Normally, we would use some measure of valuation to operating income such as EV/EBITDA for a comparison on valuation, but for emerging markets it is often better use the dividend yield because this measures real cash outflows from companies diminishing any potential issues around accounting profits. As the chart below shows, Chinese equities are not outright cheap compared to global equities.

Source: Saxo Group

Have equities lost their connection to reality?

You always have to be careful when you go against the market consensus because markets are pretty efficient after all. But equities do seem out of touch with reality with European equities down only 2.3% from the close before Russia’s invasion of Ukraine and Brent crude has given up most of its gains since the war started. The only rational explanation for this pricing is that the market is increasingly betting on Russia’s stalling military campaign will lead to a quick peace. That logic has been vindicated today with an official announcement from Kremlin that a neutral Ukraine with their own army is a possible compromise. While this is a positive step things could still change and one would also think that part of any deal is Russia seeking Europe to roll back sanction under some reasonable timespan.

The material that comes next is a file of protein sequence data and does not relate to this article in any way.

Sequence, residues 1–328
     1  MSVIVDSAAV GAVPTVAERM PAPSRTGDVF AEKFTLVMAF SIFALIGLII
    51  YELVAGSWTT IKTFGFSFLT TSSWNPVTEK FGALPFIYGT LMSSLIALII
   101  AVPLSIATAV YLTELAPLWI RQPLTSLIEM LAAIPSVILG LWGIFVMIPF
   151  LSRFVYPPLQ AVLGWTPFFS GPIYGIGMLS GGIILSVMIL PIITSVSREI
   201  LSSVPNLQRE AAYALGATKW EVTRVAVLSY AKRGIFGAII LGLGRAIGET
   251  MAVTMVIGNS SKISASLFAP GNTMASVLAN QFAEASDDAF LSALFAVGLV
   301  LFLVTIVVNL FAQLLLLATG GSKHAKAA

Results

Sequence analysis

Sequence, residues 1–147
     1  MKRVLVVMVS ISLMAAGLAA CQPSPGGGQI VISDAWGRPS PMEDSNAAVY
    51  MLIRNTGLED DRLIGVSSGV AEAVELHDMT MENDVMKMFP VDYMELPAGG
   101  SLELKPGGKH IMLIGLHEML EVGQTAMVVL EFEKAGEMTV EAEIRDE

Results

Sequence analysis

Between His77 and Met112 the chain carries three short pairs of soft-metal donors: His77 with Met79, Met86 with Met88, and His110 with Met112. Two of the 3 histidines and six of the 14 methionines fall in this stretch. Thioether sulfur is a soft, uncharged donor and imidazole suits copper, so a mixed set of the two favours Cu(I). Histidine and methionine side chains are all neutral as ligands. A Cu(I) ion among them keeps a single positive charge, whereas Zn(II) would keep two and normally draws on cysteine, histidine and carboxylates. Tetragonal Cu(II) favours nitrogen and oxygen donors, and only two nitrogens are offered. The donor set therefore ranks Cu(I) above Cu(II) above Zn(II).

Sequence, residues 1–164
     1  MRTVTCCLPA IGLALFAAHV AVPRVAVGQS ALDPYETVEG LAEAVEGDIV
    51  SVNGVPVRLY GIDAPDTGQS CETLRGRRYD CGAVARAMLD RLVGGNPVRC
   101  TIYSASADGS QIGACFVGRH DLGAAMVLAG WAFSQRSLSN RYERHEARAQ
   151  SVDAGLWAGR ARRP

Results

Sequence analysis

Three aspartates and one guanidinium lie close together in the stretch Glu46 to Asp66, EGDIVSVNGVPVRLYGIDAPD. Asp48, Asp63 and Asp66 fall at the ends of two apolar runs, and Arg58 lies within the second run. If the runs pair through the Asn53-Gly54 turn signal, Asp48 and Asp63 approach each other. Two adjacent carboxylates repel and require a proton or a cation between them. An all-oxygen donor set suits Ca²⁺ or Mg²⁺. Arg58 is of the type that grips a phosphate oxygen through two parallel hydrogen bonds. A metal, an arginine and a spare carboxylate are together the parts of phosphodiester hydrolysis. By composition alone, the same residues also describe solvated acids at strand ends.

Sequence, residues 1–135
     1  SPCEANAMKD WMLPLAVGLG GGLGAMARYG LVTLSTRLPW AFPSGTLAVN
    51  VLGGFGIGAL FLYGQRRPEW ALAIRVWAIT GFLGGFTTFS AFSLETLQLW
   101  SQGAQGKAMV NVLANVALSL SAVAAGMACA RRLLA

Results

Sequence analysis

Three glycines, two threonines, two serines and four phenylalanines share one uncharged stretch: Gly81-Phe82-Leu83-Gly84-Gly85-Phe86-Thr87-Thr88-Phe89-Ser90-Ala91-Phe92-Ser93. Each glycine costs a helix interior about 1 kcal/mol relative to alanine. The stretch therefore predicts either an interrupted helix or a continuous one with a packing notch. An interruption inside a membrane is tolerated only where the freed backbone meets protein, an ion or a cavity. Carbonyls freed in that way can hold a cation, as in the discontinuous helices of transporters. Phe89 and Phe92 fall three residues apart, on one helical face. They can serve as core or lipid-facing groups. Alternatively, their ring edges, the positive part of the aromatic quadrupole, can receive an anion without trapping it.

But even if we get peace in Ukraine the sanctions on Russia will maintain for some time and the ripple effects in commodity markets will continue to endure. In addition, the constraints on the supply side of our economy will continue to haunt companies through inflation. Investors need to remind themselves of what the fundamental drivers of equity valuation are:

  1. Revenue growth
  2. EBITA margin
  3. Incremental investments
  4. Discount rate

Of these four factors only revenue growth is trending positive for equity valuations as the massive fiscal stimulus is creating both inflation and higher nominal growth. However, inflationary pressures, disruptions in the global supply chain, wage pressure, and high commodity volatility are creating headwinds for operating margins which have declined in the previous quarter and no week goes by without more and more companies lowering their outlook for margins; today both BMW and Fevertree were out with a lower operating margin outlook. As the global economy is constrained on the supply side due to a decade of underinvestment and companies are shoring back production in from Asia in a response to the fallout from the pandemic, the incremental investment need will go massively over the coming decade. Yesterday, Intel announced the first plans for its €80bn investment plan over the next 10 years in Europe covering R&D facilities, manufacturing and foundry services. Finally, the discount rate is moving higher with the US 10-year yield hitting almost 2.2% and central banks in an inflation fighting mode suggesting that financial conditions will tighten.

Overall, the vector is negative for equity valuations which still remain at the 87% percentile measured over the period 1995-2022 (see chart). In our view equities will go to its average historical valuation reflecting inflation and the disruption in commodity markets.

Source: Bloomberg